Blood thinners: Most patients at risk will be prescribed a small dose of an anticoagulant (blood thinner). This reduces the chance of having a blood clot by thinning your blood slightly. If you need to take a blood thinner when you leave hospital, you will be told how long to take it for. The blood thinner most often used is a type of tinzaparin, which is given by injection. Tinzaparin comes from animals. If you have any concerns about using animal products, please tell your doctor and they will discuss other options with you. Blood thinning tablets are increasingly being used after orthopaedic surgery.
To be effective, these methods of prevention must be used correctly. If you have any questions or concerns, please ask your doctor, nurse or pharmacist.
What can I do to help myself?
If possible, before coming into hospital:
- Talk to your doctor about contraceptives or hormone replacement therapy. (Your doctor may consider stopping them in the weeks before an operation and will provide advice on temporarily using other methods if you stop taking your usual contraceptive);
- keep a healthy weight; and
- do regular exercise
When in hospital:
- keep moving or walking and get out of bed as soon as you can after an operation – ask your nurse or physiotherapist for more information
- Ask your doctor or nurse: “What is being done to reduce my risk of clots?”
- drink plenty of fluid to keep hydrated
If you need to continue anticoagulation injections at home, your nursing team will teach you how to do this. If you have any concerns make sure you speak to a nurse before you leave.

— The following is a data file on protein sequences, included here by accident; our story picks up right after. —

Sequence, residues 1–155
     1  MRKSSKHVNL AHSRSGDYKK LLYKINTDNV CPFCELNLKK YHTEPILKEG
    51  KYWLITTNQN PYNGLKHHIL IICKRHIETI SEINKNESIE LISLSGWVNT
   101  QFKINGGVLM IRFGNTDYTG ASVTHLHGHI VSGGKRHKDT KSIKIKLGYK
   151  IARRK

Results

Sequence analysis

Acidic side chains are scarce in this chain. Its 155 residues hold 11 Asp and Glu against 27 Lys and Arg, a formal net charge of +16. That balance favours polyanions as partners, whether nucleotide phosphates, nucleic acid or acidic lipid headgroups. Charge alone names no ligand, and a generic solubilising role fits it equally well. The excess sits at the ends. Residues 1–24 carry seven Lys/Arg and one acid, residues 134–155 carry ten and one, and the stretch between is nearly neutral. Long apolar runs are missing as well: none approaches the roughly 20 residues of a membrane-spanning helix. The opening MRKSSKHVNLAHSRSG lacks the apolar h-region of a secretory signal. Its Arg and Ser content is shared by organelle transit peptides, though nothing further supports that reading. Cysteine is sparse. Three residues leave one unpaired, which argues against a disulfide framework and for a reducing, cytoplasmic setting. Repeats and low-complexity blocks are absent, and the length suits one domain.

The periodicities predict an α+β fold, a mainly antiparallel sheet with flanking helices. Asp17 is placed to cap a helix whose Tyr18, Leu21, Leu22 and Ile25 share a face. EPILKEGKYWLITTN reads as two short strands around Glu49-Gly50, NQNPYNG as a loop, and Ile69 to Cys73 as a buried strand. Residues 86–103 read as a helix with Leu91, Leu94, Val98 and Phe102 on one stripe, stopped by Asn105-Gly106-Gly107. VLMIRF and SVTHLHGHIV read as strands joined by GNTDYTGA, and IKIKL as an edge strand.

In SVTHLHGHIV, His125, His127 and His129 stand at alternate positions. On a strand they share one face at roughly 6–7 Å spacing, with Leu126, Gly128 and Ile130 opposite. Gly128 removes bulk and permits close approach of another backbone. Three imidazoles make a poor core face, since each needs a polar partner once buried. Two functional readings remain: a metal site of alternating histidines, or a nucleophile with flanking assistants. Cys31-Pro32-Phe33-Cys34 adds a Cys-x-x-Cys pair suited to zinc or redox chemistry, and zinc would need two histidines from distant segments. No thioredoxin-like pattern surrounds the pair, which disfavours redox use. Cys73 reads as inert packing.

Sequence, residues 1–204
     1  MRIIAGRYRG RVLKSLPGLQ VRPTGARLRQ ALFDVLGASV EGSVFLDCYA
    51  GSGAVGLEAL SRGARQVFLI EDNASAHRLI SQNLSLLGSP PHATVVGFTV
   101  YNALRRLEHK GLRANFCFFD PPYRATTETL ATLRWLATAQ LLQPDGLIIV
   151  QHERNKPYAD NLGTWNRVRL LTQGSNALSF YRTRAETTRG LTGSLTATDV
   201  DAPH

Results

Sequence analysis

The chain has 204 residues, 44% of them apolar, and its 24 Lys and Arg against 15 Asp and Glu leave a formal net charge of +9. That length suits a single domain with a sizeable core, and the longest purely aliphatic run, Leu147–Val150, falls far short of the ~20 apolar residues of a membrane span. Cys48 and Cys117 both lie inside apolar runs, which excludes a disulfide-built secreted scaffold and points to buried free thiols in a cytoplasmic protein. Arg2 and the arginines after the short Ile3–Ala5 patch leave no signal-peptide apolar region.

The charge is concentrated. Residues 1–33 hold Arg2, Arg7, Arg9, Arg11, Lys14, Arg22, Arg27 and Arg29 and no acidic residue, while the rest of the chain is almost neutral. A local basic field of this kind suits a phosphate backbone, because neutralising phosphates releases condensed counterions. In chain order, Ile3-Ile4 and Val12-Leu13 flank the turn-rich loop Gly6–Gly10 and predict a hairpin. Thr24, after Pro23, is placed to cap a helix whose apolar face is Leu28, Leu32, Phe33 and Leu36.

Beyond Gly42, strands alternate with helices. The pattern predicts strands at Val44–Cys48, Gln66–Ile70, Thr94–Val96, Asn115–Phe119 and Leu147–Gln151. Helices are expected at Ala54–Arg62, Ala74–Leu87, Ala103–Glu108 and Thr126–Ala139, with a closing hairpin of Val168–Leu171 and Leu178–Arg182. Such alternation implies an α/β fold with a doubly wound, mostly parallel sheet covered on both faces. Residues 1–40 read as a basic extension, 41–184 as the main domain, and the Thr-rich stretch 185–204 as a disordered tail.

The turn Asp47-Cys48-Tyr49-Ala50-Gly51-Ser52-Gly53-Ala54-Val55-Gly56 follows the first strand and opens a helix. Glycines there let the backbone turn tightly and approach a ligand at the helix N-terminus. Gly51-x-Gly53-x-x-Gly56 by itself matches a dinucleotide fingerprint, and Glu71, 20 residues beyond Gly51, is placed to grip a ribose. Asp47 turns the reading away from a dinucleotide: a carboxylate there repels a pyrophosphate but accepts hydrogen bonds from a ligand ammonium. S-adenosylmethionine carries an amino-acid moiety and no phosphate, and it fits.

If you develop any sign or symptoms of a clot at home, then seek medical advice immediately, either from your General Practitioner (GP) or your nearest hospital’s emergency department.
Useful sources of information
- Please ask your doctor, nurse, or pharmacist for more information
- NHS website – patient information on blood clots
- Patient Advice and Liaison Service (PALS)
- NHS 111 is available 24 hours a day when you need medical help or advice and it’s not urgent enough to call 999
- Lifeblood: The Thrombosis Charity also has more information.
Staphylococcus aureus is a type of bacterium (germ) that commonly lives on healthy skin. About one third of healthy people carry it quite harmlessly, usually on moist surfaces, such as the nostrils, armpits and groin. Meticillin resistant types of Staphylococcus aureus do not respond to some antibiotics which can sometimes make MRSA infections hard to treat.
What is MRSA screening?
It is estimated that around 7% of patients admitted to hospital have MRSA in the nose or on the skin. MRSA screening involves testing patients so that those carrying MRSA can be identified. MRSA is more likely to cause an infection in people who are unwell, which is why it is important to identify MRSA carriers in a hospital before it can cause symptoms or spread to other patients.
How is an MRSA screen taken?
A member of staff collects a sample by taking a swab moistened in saline from inside the nose. The sample is then sent to the laboratory.
What happens if MRSA is found?
If MRSA is found an antiseptic ointment for the nose and an antiseptic lotion to wash skin and hair with is needed. Patients with MRSA may be cared for separately from other patients.
Should you have any further questions or require further advice please speak to your doctor, nurse or Infection Prevention staff.
Infection Prevention Team: 01535 294848
The Health Protection website has further guidance and information.
Following your discharge from Ward 20 we would welcome your feedback. Please log on to the comments section of NHS Choices, select our town/postcode, and select Airedale NHS Trust and the ‘Rate it Yourself’.
Patient Advice and Liaison Service (PALS) can also be contacted with comments or concerns.
Tel: 01535 294109/294023
In writing to:
PALS, Airedale General Hospital, FREEPOST NAT14931, Steeton, Nr Keighley, BD20 6BR
Questions prior to your operation
The nurses, doctors and anaesthetists will be more than happy to answer any questions you may have prior to your procedure.